The 14,400-square-foot building in Danbury would have one treatment room, but would be designed to add a second if necessary. Only one patient may be treated at a time, but multiple patients can be scheduled each day, Crandall said.
The facility would be built in a mixed-use development property adjacent to Route 7 and Danbury Municipal Airport, and three miles from Danbury Hospital.
State approval is expected to take several months, with city zoning approval needed afterward.
“Our attitude is: The sooner we get the proton center operational, the sooner patients can benefit,” Crandall said.

New Fairfield approves land purchase for school project
Kendra Baker
NEW FAIRFIELD — Despite opposition from several residents, the selectmen and finance boards voted to move forward with purchasing 78 Gillotti Road for the high school building project.
During a special joint meeting Monday night, the Board of Selectmen authorized the purchase of the 2-acre property for $325,000, and the Board of Finance voted to authorize the appropriation from the town’s capital and non-recurring projects fund balance.
 Officials have said the $325,000 property purchase price will not be an added cost as the Permanent Building Committee has agreed to reduce the budget by $475,772 and move an additional $547,228 into contingency.
Costs, however, are not the only concerns residents have about the $84.2 million building project.
Some have questioned whether the town’s purchase of 78 Gillotti Road without referendum meets the criteria in Gov. Ned Lamont’s Executive Order No. 7S.
The legal opinion of New Fairfield’s town attorney, David Grogins, was that it was “an appropriate proceeding under the governor’s order” for the selectmen and finance boards to vote on the purchase and appropriation.
Others in town are against moving forward with the project at all at this time, including a number of Gillotti Road residents who are upset about the town’s recently changed construction plans and lack of communication with those who live near the high school.
Due in part to unforeseen costs in the original plan, the Permanent Building Committee decided two weeks ago to move forward with a different high school construction plan than the one taxpayers approved in October.
Since the new plan requires using land at 78 Gillotti Road, the committee recommended the purchase of the property to the selectmen and finance boards.
Kelly Zurzola, who lives across the street from the school, said she “did not know anything about this until last week.”
“I voted yes to the high school (building project) because I thought that was best for the kids in the town. We were told everything about that and where it was going to be — and now all of a sudden it’s moving … and no one was told anything about that,” she said.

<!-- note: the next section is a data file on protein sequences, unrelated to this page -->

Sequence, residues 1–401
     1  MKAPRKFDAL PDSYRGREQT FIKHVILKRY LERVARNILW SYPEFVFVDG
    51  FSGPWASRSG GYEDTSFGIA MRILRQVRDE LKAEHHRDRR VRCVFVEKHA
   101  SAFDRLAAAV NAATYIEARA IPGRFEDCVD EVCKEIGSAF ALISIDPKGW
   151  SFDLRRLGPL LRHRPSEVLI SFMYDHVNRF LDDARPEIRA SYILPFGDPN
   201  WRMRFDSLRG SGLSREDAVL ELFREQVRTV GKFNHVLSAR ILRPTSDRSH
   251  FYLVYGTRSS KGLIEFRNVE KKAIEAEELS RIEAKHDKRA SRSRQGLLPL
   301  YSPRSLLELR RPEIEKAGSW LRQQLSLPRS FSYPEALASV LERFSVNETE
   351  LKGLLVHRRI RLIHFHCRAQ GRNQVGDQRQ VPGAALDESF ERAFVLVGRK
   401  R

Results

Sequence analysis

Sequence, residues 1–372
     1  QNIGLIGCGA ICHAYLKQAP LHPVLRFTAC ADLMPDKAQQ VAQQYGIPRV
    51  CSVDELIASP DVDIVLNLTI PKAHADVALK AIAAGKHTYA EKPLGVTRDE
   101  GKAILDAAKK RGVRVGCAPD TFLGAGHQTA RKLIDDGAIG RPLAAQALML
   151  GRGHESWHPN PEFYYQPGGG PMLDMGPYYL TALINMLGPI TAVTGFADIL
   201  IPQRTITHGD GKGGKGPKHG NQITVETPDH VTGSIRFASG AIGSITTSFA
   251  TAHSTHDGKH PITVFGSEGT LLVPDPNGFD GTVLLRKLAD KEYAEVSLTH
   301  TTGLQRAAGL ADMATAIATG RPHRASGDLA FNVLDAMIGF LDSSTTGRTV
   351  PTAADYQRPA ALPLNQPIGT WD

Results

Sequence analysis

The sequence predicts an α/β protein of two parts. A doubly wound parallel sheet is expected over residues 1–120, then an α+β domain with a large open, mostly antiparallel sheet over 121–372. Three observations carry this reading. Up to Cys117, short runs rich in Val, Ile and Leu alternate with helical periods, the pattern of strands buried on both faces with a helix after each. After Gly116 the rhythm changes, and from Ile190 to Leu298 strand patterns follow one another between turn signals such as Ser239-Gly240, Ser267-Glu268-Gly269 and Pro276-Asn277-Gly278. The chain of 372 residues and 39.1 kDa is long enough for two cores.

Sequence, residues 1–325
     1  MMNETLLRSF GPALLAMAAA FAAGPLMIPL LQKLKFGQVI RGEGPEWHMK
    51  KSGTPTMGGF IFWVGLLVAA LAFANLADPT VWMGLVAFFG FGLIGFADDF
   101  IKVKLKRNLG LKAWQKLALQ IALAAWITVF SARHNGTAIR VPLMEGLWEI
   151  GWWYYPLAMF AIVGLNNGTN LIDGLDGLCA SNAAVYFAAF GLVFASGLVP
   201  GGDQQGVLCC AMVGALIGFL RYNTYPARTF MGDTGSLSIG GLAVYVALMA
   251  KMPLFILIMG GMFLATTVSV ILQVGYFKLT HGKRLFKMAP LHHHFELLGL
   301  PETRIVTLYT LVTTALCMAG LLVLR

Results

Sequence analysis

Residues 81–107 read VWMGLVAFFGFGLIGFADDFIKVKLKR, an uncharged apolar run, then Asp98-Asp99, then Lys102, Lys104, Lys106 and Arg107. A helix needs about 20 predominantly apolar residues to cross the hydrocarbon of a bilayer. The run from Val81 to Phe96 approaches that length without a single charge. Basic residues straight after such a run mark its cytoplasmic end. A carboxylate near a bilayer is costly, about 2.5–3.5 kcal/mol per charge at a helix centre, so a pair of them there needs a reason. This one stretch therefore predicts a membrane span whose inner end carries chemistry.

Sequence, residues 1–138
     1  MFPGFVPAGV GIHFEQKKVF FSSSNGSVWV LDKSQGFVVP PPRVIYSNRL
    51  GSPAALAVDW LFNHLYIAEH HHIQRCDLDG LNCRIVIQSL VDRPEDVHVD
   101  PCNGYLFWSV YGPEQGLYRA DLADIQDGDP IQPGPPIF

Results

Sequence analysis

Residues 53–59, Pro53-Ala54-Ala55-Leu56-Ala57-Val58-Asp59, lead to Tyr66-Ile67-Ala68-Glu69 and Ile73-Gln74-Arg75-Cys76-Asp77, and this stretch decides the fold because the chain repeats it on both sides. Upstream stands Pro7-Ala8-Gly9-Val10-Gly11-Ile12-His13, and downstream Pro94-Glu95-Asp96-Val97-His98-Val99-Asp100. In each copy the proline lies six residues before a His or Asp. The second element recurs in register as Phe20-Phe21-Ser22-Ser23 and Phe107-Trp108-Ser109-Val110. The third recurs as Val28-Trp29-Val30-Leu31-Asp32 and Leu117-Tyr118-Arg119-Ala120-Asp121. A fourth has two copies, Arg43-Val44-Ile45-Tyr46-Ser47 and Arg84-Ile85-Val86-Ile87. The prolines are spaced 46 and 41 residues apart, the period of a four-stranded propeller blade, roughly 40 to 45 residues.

Gillotti Road resident Claudia Thiel said she and her neighbors have tolerated a lot over the years, but the new high school construction plan is too much.
“Before there was ever a high school built, there were people living here (and) since the high school was built, there has been a lot of tolerance and sacrifice by people who have been living here,” she said. “None of us have really complained about it because it’s all been for the good of the town, but what you’re asking us to accept now is just wrong. It’s not right; it’s not what was voted on.”
Residents in the immediate vicinity of the high school already deal with school-related traffic backups, light pollution, noise and occasional trespassers, Thiel said.
“I do not doubt that is all going to be significantly worse now that you have abandoned the original site presented to the town,” she said.
Thiel said the site the town voted on back in October was “far less imposing” than the one incorporating 78 Gillotti Road, and she does not approve of the way the project is being handled.“The one group that was never contacted about these changes are the people who are going to be the most negatively impacted, and those are the neighbors,” she said.
Selectman Khris Hall said many of the concerns presented by neighbors are legitimate and she hopes they will be considered during the design phase of the high school project.
Hall and First Selectman Pat Del Monaco voted in favor of the resolution to purchase 78 Gillotti Road, but Selectman Kim Hanson “vehemently” voted against it, citing concerns about legality and lack of transparency.
Board of Finance member Cheryl Reedy said she voted in favor of the 78 Gillotti Road appropriation because she believed it’s “the right thing to do” financially but had some reservations about the process.“I think we’re all learning, and we have to take this opportunity to learn how to be much more (transparent) than we have been in the past,” she said. “I think we need to take to heart the concerns that we heard tonight about how the public feeling has been that they’re not getting good information from us.”
With all the changes brought on by the coronavirus pandemic, Reedy said it’s important for the boards to “bend over backwards” to make sure the public is properly informed about what’s happening.